How can I recover a longer Word document I overwrote with a shorter one?

Joyce Meade April 3, 2013
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I accidentally saved a Word document using the same name as a longer document, previously saved. Can the longer one be recovered?

  1. Mark mohan
    May 10, 2013 at 10:11 am

    Hello,

    You can take a chance with Kernel for Word repair Software. It completely restores all the data including, images, tables, bulleted lists, chart and even complete formatting.The tool has got some of the most stunning features that make entire MS Word file repair operation lot easier and quicker.

  2. Bon Maria
    April 16, 2013 at 5:30 am

    Any overwritten document or file can not be recovered.

  3. maria cater
    April 7, 2013 at 2:54 am

    so sorry to tell u that, overwritten data can't be recovered,

  4. Alan Wade
    April 3, 2013 at 9:54 am
  5. ha14
    April 3, 2013 at 8:25 am

    How to Recover Earlier Versions of Word Documents
    http://www.ehow.com/how_6583211_recover-earlier-versions-word-documents.html

  6. Alan Wade
    April 3, 2013 at 8:06 am

    If you have system restore turned on then right-click the file and click Restore previous versions.
    Depending on the restore points you should be able to select an earlier version of the file.

    • Oron Joffe
      April 3, 2013 at 9:48 am

      System restore preserves important system files (hence the name), but NOT data.

    • Alan Wade
      April 3, 2013 at 9:51 am

      You need system restore turned on to enable the Restore Previous Versions option otherwise you will not have that option.

    • Paul Pruitt
      April 3, 2013 at 12:02 pm

      Oron, with Vista Business versions and Windows 7 what you said is not true. Those versions make a "System Snapshot" when a restore point is made. This snapshot makes a kind of record on the "block level" of both system and non-system files. When any file is subsequently changed the system know it and records the changes and makes available the supposedly complete copy of the previous versions of file called a "Shadow Copy". Just as reported if you right click there will be a choice called "Restore previous versions". If you are lucky, you have done a System Restore Point before you overwrote the file and can restore your file from the Shadow Copy understanding of the OS between the difference between your new version and the old version.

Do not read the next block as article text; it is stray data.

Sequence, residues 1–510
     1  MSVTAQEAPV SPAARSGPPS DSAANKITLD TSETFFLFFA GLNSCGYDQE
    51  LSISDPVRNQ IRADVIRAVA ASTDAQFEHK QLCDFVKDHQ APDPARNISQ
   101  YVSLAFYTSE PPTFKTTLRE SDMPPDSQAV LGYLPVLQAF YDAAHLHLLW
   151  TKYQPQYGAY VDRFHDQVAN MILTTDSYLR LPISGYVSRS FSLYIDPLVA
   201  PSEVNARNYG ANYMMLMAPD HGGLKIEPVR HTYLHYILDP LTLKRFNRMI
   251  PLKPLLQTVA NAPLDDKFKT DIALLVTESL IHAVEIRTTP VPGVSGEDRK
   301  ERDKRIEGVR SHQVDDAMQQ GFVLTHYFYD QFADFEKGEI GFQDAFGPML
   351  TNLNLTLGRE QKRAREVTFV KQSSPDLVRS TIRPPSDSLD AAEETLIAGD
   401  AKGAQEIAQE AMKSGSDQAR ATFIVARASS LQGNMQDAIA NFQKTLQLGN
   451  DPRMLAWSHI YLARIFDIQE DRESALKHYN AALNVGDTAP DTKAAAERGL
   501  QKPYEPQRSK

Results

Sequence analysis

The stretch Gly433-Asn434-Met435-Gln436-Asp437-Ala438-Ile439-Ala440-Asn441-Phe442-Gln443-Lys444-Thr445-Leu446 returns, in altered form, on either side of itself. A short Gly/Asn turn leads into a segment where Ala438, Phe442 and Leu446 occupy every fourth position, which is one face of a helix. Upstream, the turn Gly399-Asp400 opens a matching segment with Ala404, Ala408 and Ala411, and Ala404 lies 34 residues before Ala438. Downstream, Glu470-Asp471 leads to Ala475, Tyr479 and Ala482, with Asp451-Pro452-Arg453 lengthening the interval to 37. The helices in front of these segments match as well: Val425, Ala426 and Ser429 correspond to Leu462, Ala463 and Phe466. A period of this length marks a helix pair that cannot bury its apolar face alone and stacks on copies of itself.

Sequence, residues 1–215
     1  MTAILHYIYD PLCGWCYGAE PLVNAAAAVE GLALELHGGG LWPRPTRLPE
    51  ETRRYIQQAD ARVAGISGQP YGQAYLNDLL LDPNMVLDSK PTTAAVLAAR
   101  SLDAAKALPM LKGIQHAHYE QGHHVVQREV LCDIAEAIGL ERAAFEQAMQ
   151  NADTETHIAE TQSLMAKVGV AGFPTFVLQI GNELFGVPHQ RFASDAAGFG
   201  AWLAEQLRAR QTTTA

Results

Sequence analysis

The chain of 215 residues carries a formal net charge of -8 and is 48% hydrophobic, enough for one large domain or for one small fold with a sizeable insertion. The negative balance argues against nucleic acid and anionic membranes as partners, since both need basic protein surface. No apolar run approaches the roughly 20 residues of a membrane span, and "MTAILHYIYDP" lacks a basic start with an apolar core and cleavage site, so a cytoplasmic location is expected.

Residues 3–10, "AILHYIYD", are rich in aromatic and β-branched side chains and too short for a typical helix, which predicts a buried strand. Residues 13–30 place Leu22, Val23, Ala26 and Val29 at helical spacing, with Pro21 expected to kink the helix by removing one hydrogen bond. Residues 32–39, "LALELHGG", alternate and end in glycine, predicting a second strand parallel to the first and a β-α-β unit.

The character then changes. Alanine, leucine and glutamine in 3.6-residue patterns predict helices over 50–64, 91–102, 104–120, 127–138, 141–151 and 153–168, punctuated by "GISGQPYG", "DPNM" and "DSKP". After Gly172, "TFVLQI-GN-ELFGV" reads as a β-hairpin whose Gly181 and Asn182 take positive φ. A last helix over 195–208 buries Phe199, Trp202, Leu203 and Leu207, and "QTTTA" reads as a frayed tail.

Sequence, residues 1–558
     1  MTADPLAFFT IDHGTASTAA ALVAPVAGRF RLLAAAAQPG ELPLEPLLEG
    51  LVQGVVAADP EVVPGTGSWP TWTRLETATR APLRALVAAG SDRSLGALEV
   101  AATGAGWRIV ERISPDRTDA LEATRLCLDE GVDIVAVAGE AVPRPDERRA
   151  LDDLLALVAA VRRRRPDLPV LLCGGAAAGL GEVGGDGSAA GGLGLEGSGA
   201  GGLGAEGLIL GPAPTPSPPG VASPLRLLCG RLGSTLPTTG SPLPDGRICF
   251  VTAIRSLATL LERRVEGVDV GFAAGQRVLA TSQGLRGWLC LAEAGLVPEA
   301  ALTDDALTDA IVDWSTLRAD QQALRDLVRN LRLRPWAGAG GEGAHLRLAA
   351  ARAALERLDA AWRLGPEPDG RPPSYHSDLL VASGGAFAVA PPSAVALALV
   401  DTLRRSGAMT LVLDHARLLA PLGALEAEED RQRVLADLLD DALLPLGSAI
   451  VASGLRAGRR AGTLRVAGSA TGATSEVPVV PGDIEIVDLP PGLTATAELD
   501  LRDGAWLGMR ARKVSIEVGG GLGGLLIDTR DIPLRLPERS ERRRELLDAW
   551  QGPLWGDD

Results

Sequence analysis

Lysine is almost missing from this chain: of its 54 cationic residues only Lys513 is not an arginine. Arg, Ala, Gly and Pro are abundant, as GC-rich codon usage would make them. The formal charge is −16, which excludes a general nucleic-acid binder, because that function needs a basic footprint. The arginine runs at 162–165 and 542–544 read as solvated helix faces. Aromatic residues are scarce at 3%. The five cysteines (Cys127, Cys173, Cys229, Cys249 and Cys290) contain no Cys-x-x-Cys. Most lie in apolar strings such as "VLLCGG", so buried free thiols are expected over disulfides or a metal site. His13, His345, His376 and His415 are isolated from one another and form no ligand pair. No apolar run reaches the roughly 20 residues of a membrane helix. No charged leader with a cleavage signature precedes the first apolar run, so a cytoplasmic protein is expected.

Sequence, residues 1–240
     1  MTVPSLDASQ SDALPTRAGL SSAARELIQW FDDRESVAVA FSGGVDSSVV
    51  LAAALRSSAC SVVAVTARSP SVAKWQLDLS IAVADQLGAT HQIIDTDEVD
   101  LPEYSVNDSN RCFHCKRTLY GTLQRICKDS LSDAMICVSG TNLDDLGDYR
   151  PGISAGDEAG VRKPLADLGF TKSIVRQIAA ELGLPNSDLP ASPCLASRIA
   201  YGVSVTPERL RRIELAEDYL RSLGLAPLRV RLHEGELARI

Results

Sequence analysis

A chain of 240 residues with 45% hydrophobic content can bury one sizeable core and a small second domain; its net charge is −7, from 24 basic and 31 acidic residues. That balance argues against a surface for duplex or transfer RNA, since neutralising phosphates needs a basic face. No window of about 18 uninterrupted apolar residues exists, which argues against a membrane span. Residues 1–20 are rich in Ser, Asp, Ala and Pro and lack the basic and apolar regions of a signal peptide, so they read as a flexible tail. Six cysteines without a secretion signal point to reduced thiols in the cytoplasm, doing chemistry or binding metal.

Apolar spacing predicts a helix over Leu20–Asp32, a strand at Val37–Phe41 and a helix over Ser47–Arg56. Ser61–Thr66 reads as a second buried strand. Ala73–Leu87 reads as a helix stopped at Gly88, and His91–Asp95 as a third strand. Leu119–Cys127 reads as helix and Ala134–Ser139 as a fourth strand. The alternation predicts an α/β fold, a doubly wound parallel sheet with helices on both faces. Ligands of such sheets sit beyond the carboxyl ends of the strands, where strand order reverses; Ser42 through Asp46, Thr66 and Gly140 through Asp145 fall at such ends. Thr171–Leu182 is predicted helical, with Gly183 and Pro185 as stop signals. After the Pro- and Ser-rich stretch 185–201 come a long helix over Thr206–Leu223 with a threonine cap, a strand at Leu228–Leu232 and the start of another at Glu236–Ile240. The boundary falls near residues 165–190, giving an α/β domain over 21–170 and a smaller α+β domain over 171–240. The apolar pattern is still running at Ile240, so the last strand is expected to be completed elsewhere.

Indeed, in some XP environments where there is a Windows 2003 Server involved, the administrators can turn on the Restore Previous versions system. They also have to install the Shadow Copy Client, http://www.microsoft.com/en-us/download/details.aspx?id=16220, on the XP machines to make that work.

      There is more...With Windows Vista Home versions the Shadow copies of the files are still created, but there is no client to view them. Luckily, there are some freeware clients for viewing them. Shadow Explorer, http://www.shadowexplorer.com/, is excellent. Another is my piece of freeware called Vista Previous Version Recoverer, http://sourceforge.net/projects/vistaprevrsrcvr/. My piece of freeware has a currently unresolved issue of only working for the C: drive.

      In fact even in Windows 8, the Shadow Copy Service exists and is turned on by default. The restore previous versions system is deprecated though and again you need a client, like my Vista Previous Versions Recoverer or Shadow Explorer.

      Microsoft explains that the restore previous versions system was buggy and didn't work well along with requiring too much overhead and that is the reason it is deprecated. In my experience indeed Windows 8 previous version files recovered with my client have large mysterious regions of the files filled with null characters, a problem that didn't seem to exist before, so they are perhaps not investing in continuing to make it work.

      Finally there are two other avenues for recovering previous versions of files. One is to look for temporary version of your file and the other is to look for deleted (usually also originally temporary versions) of the file. The latter is handled by the freeware PC Inspector FIle Repair: http://www.pcinspector.de/Default.htm?language=1. If your file has a docx not a doc extension, then you need the commercial programs, like Recover My Files, http://www.recovermyfiles.com/, or the Word file dedicated, Word Regenerator, http://bit.ly/16vKCO4 (my affiliate link) or http://www.dposoft.net/word.html (the original website).

      Finally for temporary versions of the file still stored on your machine, my freeware Word Recovery app: http://sourceforge.net/projects/wordrecovery/, works when you click on the "Restore from Backup" button, which is a kind of a misnomer as neither you nor the computer purposely backed up the file but it still works looking for temproary versions fo your file that end with the extension .tmp, .wbk or .asd. Apparently you should look also in files named ~*.* as explained here: http://support.microsoft.com/kb/827099.

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